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"I met him fifteen years ago. I was told there was nothing left. No reason, no conscience, no understanding; even the most rudimentary sense of life or death, good or evil, right or wrong."—Dr. Loomis, Halloween
The Complete Monster is the most depraved of all characters; a villain utterly lacking in redeeming features. Trying to put a value on the evilness of a Complete Monster is like calculating the credit score of Bill Gates: it's a moot point.
Or, anyway, that is how the character is presented in the story. The character is a bad guy, full stop. The author has not taken the character through any actions toward redemption, or at least any that stuck.
The Complete Monster can be recognized by these signs:
- The character is truly heinous by the standards of the story, which makes no attempt to present the character in any positive way. The character's terribleness is played seriously, even if the work is light and/or comedic. Other characters in-story must express fear, hate, and revulsion of this character.
- The character has either no Freudian Excuse to validate their crimes, or their Freudian Excuse is presented in-story as inadequate. Any sympathy evoked in their backstories is long gone in the present.
- They are completely devoid of altruistic qualities, show no regret for their crimes, are never redeemed or have any possibility of redemption.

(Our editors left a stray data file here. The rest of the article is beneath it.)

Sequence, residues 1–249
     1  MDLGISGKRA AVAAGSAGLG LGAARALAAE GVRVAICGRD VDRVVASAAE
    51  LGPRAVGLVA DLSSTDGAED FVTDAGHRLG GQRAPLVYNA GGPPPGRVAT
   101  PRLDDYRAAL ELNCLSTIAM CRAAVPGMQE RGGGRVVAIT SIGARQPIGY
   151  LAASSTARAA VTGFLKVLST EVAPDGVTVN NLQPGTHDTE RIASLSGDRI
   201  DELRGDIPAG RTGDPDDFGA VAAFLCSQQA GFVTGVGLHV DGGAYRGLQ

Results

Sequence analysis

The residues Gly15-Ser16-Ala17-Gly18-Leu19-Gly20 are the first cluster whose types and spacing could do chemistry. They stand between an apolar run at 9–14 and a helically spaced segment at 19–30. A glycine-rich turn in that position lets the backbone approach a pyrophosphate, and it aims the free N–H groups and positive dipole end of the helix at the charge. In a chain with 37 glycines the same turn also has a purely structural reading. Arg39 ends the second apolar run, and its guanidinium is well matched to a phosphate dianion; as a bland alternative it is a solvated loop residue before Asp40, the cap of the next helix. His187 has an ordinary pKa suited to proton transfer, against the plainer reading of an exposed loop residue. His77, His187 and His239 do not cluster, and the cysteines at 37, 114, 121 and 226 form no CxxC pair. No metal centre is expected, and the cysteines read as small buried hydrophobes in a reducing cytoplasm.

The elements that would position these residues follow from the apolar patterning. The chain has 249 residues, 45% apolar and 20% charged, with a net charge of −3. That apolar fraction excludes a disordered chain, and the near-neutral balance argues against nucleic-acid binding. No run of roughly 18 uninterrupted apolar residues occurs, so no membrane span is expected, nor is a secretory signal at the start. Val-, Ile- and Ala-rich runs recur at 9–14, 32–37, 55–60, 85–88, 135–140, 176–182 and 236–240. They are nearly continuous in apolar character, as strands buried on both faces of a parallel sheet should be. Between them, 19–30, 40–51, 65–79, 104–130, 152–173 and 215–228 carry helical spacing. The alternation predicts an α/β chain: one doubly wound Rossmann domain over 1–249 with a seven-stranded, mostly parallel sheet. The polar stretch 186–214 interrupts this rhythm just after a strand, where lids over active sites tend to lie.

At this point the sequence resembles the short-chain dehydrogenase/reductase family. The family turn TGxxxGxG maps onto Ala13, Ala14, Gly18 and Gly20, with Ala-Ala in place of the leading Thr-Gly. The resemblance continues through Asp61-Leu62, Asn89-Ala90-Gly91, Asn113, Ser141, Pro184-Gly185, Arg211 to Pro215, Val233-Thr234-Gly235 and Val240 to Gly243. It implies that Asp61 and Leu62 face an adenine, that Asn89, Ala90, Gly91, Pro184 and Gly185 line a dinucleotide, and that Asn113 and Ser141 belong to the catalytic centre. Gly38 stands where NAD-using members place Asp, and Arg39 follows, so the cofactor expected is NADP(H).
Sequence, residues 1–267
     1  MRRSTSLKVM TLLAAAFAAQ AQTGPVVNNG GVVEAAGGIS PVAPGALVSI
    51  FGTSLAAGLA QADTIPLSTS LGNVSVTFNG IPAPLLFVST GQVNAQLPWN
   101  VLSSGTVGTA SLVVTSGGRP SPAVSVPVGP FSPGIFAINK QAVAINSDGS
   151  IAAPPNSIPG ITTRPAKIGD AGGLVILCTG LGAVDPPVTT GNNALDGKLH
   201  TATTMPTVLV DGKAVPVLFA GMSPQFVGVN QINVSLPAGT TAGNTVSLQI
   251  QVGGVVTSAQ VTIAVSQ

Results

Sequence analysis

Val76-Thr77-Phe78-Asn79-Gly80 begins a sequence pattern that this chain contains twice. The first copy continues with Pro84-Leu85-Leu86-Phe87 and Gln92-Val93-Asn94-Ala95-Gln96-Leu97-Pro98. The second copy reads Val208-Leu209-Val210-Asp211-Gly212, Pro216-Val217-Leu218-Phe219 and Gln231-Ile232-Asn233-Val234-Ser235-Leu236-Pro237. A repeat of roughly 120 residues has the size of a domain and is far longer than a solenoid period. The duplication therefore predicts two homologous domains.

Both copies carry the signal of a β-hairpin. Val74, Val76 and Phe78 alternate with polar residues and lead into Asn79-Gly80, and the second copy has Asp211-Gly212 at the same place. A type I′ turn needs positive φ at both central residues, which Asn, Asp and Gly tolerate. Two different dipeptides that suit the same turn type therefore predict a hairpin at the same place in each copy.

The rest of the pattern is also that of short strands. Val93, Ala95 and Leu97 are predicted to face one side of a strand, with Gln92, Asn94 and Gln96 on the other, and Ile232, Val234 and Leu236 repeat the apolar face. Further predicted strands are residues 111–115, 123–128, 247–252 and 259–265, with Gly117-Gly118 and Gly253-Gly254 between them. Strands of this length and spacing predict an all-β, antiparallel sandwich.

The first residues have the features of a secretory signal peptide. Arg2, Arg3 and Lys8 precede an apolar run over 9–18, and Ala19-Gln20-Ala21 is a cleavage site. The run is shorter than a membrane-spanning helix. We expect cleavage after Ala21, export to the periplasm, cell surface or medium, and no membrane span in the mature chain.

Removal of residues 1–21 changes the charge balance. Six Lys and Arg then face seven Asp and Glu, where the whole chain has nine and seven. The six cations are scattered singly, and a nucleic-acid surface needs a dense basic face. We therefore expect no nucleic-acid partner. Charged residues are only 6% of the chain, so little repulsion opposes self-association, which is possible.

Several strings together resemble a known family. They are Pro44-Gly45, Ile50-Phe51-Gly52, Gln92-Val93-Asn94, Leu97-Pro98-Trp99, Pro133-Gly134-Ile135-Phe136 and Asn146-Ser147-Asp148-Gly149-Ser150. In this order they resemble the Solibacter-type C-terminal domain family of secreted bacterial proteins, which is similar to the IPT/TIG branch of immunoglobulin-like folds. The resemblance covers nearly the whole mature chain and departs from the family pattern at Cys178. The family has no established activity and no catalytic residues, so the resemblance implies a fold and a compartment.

Please note that a character crossing the Moral Event Horizon does not alone make them a Complete Monster. This trope isn't just about what the character does, but about what the character is. Their monstrous characters are reflected in their heinous deeds, which is what puts them a cut above the regular villains. And whatever their position, a Complete Monster has to go the full mile and meet all criteria: they are the worst they can possibly be in their role, in the space and scale they occupy.
Offscreen Villainy is advised against, with few exceptions depending on how clear the results of said villainy are.
Tropes Are Not Good; the Complete Monster can sometimes be indicative of lazy writing. A villain with no redeeming qualities can be viewed as exceedingly simplistic.
This trope is, surprisingly, not entirely subjective. A recurring evil character either has redeeming qualities presented as such within the moral framework of the story, or they don't. The Complete Monster may be a Magnificent Bastard or a Draco in Leather Pants to audience members, but the completeness of their monstrosity does not depend on how well the audience receives them.